BRAZILIAN SKETCHES

I




THE JOURNEY OUT


(notes by John Radcliffe, drawing, where appropriate, on the ORG, and on the Paul Waters edition of Brazilian Sketches)



introduction
the letter



[January 7th 2010]

Publication

Published in the Morning Post (London), November 29th 1927, and Liberty (New York) December 3 1927. Collected in Brazilian Sketches, Doubleday Doran, New York, 1940, in the Sussex Edition Vol. xxi, and in an edition by P E Waters and Associates in 1989.

The Journey

The Kiplings sailed on the Royal Mail Line SS Andes, 15,000 tons (above), launched in 1913. They arrived in Rio on 13 March 1927. (On her maiden voyage the Andes had sailed from Southampton on September 28th and arrived in Rio twelve days later, on 10th October, a voyage of 5150 naitical miles.)


Notes on the text


a Firefly Lampyridae a family of winged beetles, called fireflies or lightning bugs for their conspicuous use of yellow, green, or pale red light to attract mates or prey. They can make a fine display on tropical evenings.

a Cocoa Palm The coconut palm (Cocos nucifera) is a member of the palm family. It is the only species in the genus Cocos, and grows to 30 m tall,


the Southern Cross The constellation, opposite Cassiopeia in the North, that rises over the horizon as one moves south across the Equator.


Once in a child's dream This echoes little Georgie Cottar's dream in "The Brushwood Boy" in The Day's Work (page 376 line 10):

... When his feet touched that still water, it changed, with the rustle of unrolling maps, to nothing less than a sixth quarter of the globe, beyond the most remote imaginings of man—a place where islands were coloured yellow and blue, their lettering strung across their faces. They gave on unknown seas, and Georgie's urgent desire was to return swiftly across this floating atlas to known bearings...
the South American boats The liners plying between Europe and South America. The Kiplings sailed on the Royal Mail SS Andes, 15,000 tons, triple screw, launched in 1913. Royal Mail was the premier line on this route from 1839 through to its demise in the 1980s. (We are indebted to Martin Scott, Navigating Officer with that line from 1960 to 1970, for the picture of the SS Andes at the top of the page.)

In those days before transatlantic air services there were many other lines serving the run to South America, including Blue Star, Lamport and Holt, Maggie Booth, Prince Line, South American Saint Line, Compagnie des Messageries Maritimes, Pacific Steam Navigation Company, and Houlder Brothers. (we are indebted to a number of 'Red Duster men', including Martin Scott, Michael Lloyd, Nick Messenger, Peter Hodges, and Eric Beetham, for this information).

Portuguese or Spanish The language of Brazil is Portuguese, while Spanish - and various indigenous Indian languages - is spoken throughout the remainder of South America.

Falkland Islands The Falkland Islnds lie in the South Atlantic, off the coast of Argentina. In December 1914, in the early months of the Great War, the British Admiral Sturdee destroyed a German squadron off the Falklands, with the strong approval of the local people.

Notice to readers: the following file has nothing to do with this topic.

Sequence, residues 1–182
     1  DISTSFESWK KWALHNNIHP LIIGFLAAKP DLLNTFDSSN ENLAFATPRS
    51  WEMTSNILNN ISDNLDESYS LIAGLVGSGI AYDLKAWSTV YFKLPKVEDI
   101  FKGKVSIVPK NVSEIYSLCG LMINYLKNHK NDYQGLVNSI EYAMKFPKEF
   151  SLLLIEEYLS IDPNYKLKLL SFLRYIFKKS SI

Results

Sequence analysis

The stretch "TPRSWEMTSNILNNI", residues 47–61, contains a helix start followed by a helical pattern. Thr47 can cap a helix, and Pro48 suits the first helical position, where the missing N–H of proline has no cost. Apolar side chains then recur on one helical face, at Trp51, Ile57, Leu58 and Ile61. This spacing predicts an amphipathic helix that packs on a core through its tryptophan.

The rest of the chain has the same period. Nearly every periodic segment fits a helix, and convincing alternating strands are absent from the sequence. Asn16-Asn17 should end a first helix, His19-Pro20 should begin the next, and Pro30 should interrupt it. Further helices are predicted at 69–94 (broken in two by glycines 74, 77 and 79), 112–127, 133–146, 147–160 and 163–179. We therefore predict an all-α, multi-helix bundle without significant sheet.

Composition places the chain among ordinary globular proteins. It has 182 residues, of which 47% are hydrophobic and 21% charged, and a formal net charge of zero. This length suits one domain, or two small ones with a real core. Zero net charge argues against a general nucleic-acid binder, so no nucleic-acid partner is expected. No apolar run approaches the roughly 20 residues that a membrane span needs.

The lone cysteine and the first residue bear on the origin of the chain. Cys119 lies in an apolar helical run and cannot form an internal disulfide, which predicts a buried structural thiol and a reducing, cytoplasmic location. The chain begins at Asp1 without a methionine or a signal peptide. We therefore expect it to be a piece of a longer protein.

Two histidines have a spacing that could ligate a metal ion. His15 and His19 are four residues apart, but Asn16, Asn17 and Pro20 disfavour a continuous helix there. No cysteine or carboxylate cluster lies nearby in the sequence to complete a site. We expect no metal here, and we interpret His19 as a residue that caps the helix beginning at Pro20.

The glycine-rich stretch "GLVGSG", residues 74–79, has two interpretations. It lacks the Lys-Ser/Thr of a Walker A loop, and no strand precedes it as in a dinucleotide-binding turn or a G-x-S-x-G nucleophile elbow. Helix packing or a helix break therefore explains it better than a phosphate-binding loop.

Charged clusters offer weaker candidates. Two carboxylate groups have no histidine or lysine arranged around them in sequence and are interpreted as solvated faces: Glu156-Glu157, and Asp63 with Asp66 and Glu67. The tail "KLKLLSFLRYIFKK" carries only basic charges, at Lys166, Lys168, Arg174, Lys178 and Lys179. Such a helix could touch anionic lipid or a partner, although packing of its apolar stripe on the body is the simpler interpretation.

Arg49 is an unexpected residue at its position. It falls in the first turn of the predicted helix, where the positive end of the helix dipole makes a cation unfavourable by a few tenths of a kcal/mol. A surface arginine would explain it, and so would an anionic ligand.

Cordilleras Ranges of mountains along the eastern side of South America.

cattle men The wealthy ranchers on the pampas of Argentina.

coffee Princes The men who controlled the highly profitable Brazilian coffee trade.

Rue de la Paix One of the great shopping streets of Paris, particularly for fashionable womrn's clothing. The ladies were elegant,

Embarrassment of Riches from the French embarras de richesses: more pleasures than one knows what to do with.


Inca cities The ancient cities of what is now Peru before the Spanish conquered the Inca empire in the 1530s.

high-grade Herefords One of the best English breeds of beef cattle.

Brazilian Empire After independence from Portugal in 1822, Brazil became a monarchy, the Empire of Brazil, until the establishment of a republican government in 1889.

flying fish Exocoetidae known as 'flying fish', with large pectoral fins which enable them to escape from predators by leaping out of the water and gliding thorugh the air above the surface.

Vigo and Lisbon Two important Atlantic ports where the ship picked up passengers, Vigo in north-western Spain, and Lisbon the capital of Portugal.

Basques People from three provinces in the mountainous north of Spain and a small part of France, with their own ancient language and their own strong sense of identity. They are great seafarers, and many Basques emigrated to the Americas in the 19th century.

the instant downdive of night Night falls more swiftly in the tropics than in higher latitudes,

Pernambuco Later known as Recife, a large city on the extreme eastern coast of Brazil, the first landfall for a ship from Europe.

an old Portuguese fort Dating back to the days before Brazil became an independent state in 1822.

a Dutch cut on the sterns The Dutch, another sea-going people, competed with the Portuguese for control of land in South America in colonial days.

Bahia Now known as Salvador, also on the east coast of Brazil some 450 miles south of Recife.

Rio de Janeiro At that time the capital of Brazil. Since 1960 the capital has been Brasilia in the centre of the country.

Buenos Aires The capital of Argentina.

Brazilian Lloyd A liner belonging to that Company.

A certain Cape Cabo Frio, about 100 miles east of Rio. A popular resort area for Cariocas (the people of Rio), with its fine beaches.

Santos A port about 250 miles west by south of Rio, which gives access to the sea for Sao Paulo.







[J.R.]

©John Radcliffe 2009 All rights reserved